The Miami Heat haven’t put together a successful defense of their Eastern Conference crown during the early portion of the 2023-24 NBA schedule, and an influx of talent may be necessary to push them back toward the top of the standings.
At 12-9, Miami is still in the playoff picture well before the February 8 trade deadline, but more scoring punch should be coveted with the roster struggling to live up to expectations or overcome the absences of injured stars Bam Adebayo and Tyler Herro.
Bleacher Report’s Zach Buckley came to the rescue of the South Beach residents with his latest Miami-centric trade proposal, one that would bring in a high-scoring guard with a Sixth Man of the Year trophy on his resume who’s just one year removed from averaging 20.8 points per game.
Jordan Clarkson & Kyle Lowry Swap Places in the Latest Trade Proposal
As Buckley makes clear, the Utah Jazz aren’t yet actively shopping Jordan Clarkson, averaging 17.8 points, 4.9 assists and 3.3 rebounds for a struggling outfit during his age-31 season. However, his presence on the trade market may be imminent.
While breaking down the Los Angeles Lakers‘ options during trade season, The Athletic’s Jovan Buha explained the Purple and Gold are “still evaluating their needs and will continue to monitor the league, including potential fire sales in Toronto, Washington, Utah, Brooklyn and/or Charlotte that could make useful rotation players available.”
Utah, with just seven wins in its first 21 contests, likely won’t have any interest in parting with Lauri Markkanen or Walker Kessler. However, veteran talents such as Clarkson, John Collins and Kelly Olynyk could be available imminently.
And that’s where the Heat could swoop in.
Buckley’s proposal involves Utah sending Clarkson to the Heat for Kyle Lowry and a top-10-protected 2028 first-round pick. As he wrote, “The Heat could still use another perimeter scorer and creator, and a Clarkson trade would allow them to address those needs without depleting their assets. With Lowry on an expiring deal, the financial relief and protected pick might be enough to get Utah to bite.
“Get Clarkson to South Beach, and Miami would have one of the league’s better quick-strike scorers to either run the bench unit or play a support role with the starters. He pressures opposing defenses with his downhill driving, and he’s had full seasons during which he’s been a quantity-plus-quality shooter from distance. Between 2019-20 and 2020-21, he averaged 2.6 threes per game on 35.6 percent accuracy.”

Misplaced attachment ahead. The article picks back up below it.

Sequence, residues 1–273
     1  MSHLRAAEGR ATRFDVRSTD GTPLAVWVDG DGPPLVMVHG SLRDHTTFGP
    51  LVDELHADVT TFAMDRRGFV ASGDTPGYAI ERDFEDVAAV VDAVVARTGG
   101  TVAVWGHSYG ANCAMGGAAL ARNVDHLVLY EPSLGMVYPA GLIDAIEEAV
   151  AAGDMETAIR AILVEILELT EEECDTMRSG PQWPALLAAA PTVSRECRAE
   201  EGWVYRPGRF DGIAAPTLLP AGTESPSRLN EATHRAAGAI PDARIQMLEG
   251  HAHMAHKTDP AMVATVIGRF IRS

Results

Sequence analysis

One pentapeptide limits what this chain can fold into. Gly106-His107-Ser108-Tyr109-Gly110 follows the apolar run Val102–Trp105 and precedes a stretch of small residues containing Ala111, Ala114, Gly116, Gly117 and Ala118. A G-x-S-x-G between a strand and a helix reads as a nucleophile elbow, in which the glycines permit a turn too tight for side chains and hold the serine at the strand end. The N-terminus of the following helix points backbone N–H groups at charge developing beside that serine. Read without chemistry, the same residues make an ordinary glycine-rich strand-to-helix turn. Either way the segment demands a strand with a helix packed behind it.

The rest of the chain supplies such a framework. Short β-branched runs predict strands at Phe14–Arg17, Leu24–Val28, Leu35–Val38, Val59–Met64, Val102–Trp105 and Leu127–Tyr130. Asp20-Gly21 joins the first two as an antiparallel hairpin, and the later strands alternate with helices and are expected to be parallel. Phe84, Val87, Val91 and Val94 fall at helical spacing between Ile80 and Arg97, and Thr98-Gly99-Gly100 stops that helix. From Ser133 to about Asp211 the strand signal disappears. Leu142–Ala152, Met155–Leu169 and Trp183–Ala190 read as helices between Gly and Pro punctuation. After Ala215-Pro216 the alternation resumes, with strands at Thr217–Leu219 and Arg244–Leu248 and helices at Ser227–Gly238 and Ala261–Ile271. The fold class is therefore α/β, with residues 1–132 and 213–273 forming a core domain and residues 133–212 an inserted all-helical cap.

Clarkson Would Elevate a Miami Offense Falling Outside Ideal Territory
The Miami offense under head coach Erik Spoelstra has by no means been a glaring liability, even with Jimmy Butler struggling to reach his former levels, Tyler Herro suiting up in just eight games and Adebayo out of the lineup with a persistent hip injury.
Role players such as Duncan Robinson and the unrelated Orlando Robinson have been able to step up to the proverbial plate, allowing the Heat to rank, per Basketball Reference, 18th in scoring offense and 12th in offensive rating—a discrepancy that underscores the methodical nature of their approach.
But more firepower is needed to keep pace with the Eastern Conference elites.
Lowry, to his credit, has pulled his weight during his age-37 season, playing quality perimeter defense and minimizing his mistakes while chipping in with 9.1 points per game. But that narrative could change at a moment’s notice if he stops connecting from outside the three-point arc with the same frequency. His 43.6% shooting on triples is laudable. It’s also an extreme outlier for a veteran with a career 36.8% success rate who’s coming off a year in which he hit only 34.5% of his three-point tries.
Selling high makes sense, particularly considering Utah should have interest in either his expiring $29.7 million deal or the potential to acquire more draft capital in a subsequent move with another contender.
Clarkson, meanwhile, has gotten off to a rough start in 2023-24, slashing just 41.4/31.6/83.6 en route to his 17.8 points per game. But his track record indicates that he’ll trend up when fully recovered from his current hip injury, especially if he’s surrounded by more talent and a scheme that often seems to bring out the best in ball-dominant guards.
At the very least, he’d be a quality change-of-pace option allowing Miami to attack the opposition differently, whether serving in an off-ball, cut-heavy role alongside Butler and Adebayo or handling the rock himself in a bench-heavy lineup.